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ARS Home » Southeast Area » Athens, Georgia » U.S. National Poultry Research Center » Poultry Microbiological Safety and Processing Research Unit » Research » Publications at this Location » Publication #378186

Research Project: Production and Processing Intervention Strategies for Poultry Associated Foodborne Pathogens

Location: Poultry Microbiological Safety and Processing Research Unit

Title: Assessment of stabilized hydrogen peroxide for use in reducing Campylobacter levels and prevalence on broiler chicken wings

Author
item BOURASSA, DIANNA - AUBURN UNIVERSITY
item Harris, Caitlin
item Bartenfeld Josselson, Lydia
item Buhr, Richard - Jeff

Submitted to: Journal of Food Protection
Publication Type: Peer Reviewed Journal
Publication Acceptance Date: 10/25/2020
Publication Date: 10/30/2020
Citation: Bourassa, D.V., Harris, C.E., Bartenfeld Jossel, L.N., Buhr, R.J. 2020. Assessment of stabilized hydrogen peroxide for use in reducing Campylobacter levels and prevalence on broiler chicken wings. Journal of Food Protection. 84(3):449-455. https://doi.org/10.4315/JFP-20-356.
DOI: https://doi.org/10.4315/JFP-20-356

Interpretive Summary: Poultry meat processing establishments utilize antimicrobial processing aids on carcass parts to minimize Campylobacter contamination and in these experiments we evaluated a stabilized hydrogen peroxide (SHP) as a potential antimicrobial processing aid. In a series of experiments, chicken wing segments with skin were inoculated with 1 to 10 million cells of Campylobacter. Segments were treated with SHP at 15,000 or 30,000 ppm, peroxyacetic acid (PAA) at 300 or 3,000 ppm, or water applied by either dip or spray. In Experiment 1, samples were analyzed the same day after 2 h for Campylobacter or after 24 h refrigeration. In Experiments 2 to 4, all samples were analyzed on the same day as treated. Rinsates from each wing segment were analyzed for Campylobacter. In each experiment, treatment with SHP or PAA significantly reduced levels of inoculated Campylobacter in comparison to water treated controls by an additional 10 to 25% with greater reductions observed with higher inoculum levels. At high inoculum levels (1 to 10 million), SHP and PAA applied by dip had 10% greater reductions of Campylobacter levels as compared to spray treated wing segments. Additionally, wing drumettes were observed to retain have higher levels and prevalence of Campylobacter recovery compared to wing flats at a low inoculation level. These results indicate that while there was no carry-over effect of SHP (same day vs. 24 h), dip treatment with SHP or PAA significantly decreased Campylobacter recovery on broiler chicken wing segments compared to a water control. Although Campylobacter reductions were modest, SHP was demonstrated to have similar efficacy as the commonly used processing aid, PAA and therefore may be a prospective antimicrobial alternative. SHP shows potential for further investigation as an antimicrobial processing aid for use on poultry parts.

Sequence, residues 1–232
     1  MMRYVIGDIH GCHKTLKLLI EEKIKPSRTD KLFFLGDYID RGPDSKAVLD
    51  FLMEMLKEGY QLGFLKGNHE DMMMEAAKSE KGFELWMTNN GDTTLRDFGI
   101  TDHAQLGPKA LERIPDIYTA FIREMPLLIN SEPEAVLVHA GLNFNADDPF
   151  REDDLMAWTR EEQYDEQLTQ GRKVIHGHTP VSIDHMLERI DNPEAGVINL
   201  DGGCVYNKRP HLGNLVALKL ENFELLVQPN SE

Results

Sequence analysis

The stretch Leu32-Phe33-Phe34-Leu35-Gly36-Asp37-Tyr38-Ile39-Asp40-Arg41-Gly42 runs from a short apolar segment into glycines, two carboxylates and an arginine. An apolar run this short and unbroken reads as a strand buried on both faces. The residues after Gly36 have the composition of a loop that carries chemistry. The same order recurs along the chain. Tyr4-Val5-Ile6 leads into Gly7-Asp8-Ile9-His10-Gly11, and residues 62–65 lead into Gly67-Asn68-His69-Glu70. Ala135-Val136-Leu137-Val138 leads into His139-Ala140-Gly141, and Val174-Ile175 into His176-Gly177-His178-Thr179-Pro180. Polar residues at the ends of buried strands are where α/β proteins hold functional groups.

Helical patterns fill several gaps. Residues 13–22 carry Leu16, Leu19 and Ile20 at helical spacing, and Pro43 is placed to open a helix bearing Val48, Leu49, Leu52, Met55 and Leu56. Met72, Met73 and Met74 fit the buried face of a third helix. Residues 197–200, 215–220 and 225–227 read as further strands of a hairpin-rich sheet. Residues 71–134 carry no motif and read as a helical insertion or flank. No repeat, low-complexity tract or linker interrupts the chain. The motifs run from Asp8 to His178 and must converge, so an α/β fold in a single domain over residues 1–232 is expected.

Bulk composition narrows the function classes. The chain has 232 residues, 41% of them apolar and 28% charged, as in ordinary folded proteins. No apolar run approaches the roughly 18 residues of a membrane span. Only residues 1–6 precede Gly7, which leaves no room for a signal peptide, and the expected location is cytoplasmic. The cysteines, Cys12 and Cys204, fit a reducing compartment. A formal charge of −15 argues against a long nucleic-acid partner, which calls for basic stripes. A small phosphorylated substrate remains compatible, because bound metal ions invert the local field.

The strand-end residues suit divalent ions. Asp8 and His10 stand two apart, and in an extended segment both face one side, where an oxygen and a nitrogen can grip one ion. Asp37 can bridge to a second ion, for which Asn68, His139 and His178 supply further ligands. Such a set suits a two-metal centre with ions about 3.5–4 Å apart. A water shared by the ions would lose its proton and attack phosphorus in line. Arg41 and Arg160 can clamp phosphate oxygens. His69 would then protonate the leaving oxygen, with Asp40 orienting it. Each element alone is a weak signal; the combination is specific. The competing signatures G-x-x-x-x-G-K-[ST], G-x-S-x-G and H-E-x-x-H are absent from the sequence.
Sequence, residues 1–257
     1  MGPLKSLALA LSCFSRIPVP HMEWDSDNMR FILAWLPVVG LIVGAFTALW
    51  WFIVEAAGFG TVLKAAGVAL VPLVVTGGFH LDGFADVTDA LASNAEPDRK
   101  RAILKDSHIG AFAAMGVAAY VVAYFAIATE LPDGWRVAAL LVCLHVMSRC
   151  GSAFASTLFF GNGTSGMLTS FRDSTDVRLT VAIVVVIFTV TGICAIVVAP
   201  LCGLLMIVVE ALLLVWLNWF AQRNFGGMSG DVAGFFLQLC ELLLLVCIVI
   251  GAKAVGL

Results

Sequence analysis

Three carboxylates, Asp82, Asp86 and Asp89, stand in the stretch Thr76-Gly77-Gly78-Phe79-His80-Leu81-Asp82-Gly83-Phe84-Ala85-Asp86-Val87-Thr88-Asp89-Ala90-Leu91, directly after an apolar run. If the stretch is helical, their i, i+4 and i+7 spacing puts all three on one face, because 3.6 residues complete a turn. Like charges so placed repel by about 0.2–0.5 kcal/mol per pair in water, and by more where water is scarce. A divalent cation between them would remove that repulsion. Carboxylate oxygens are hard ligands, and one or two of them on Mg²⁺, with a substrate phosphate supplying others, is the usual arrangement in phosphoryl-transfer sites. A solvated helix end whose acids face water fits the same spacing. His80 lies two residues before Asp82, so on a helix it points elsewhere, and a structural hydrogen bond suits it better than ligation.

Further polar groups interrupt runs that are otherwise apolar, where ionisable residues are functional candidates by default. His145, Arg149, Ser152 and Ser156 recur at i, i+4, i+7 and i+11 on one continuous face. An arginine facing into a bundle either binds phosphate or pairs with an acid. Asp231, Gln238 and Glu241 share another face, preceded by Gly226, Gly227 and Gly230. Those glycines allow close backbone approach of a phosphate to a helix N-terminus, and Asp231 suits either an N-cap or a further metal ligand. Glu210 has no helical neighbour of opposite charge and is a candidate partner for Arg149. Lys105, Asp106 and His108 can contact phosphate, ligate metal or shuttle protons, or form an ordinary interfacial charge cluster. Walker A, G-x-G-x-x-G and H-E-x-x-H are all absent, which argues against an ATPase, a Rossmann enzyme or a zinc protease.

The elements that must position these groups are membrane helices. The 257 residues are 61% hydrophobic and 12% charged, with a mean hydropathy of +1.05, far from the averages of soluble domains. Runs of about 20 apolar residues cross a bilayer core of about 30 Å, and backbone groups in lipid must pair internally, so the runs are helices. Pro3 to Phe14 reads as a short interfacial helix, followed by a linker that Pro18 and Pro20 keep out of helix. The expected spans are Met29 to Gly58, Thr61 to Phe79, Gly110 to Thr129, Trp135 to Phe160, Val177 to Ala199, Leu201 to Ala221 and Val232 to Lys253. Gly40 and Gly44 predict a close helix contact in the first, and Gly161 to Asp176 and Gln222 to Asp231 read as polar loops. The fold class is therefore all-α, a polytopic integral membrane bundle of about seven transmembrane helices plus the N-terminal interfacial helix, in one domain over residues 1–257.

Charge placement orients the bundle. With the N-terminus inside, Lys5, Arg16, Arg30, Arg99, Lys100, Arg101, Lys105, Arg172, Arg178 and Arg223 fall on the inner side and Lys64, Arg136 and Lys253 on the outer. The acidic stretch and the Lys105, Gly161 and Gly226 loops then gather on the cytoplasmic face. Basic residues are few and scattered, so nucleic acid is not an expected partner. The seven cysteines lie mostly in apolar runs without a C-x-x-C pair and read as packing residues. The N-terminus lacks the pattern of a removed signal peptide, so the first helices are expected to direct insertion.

Technical Abstract: Poultry processing establishments utilize antimicrobial processing aids on broiler parts to minimize Campylobacter contamination. A stabilized hydrogen peroxide (SHP) product was assessed for use as an antimicrobial processing aid. In a series of experiments, wing segments with skin were inoculated with 10^3-7 cells of Campylobacter coli. Segments were treated with SHP at 15,000 or 30,000 mg/L, peroxyacetic acid at 300 or 3,000 mg/L, or water applied by either dip or spray. In Experiment 1, samples were analyzed the same day after 2 h for Campylobacter or after 24 h refrigeration. In Experiments 2 to 4, all samples were analyzed on the same day as treated. Rinsates from each wing segment were analyzed for direct counts and prevalence of Campylobacter. In each experiment, treatment with SHP or PAA significantly reduced levels of inoculated Campylobacter in comparison to water controls up to 2.22 log CFU/mL with greater reductions observed with higher inoculum levels. At high inoculum levels (10^6-7), SHP and PAA applied by dip had up to 1.27 log CFU/mL greater reductions of Campylobacter levels as compared to spray treated wing segments. Additionally, wing drumettes were observed to retain have higher levels and prevalence of Campylobacter recovery compared to wing flats at a low inoculation level (103). These results indicate that while there was no carry-over effect of SHP (same day vs. 24 h), dip treatment with SHP or PAA decreased Campylobacter recovery on broiler chicken wing segments compared to a water control. Although log reductions were modest, SHP was demonstrated to have similar efficacy as the commonly used processing aid, PAA, against Campylobacter levels may be a prospective antimicrobial alternative. SHP shows potential for further investigation as an antimicrobial processing aid for use on poultry parts.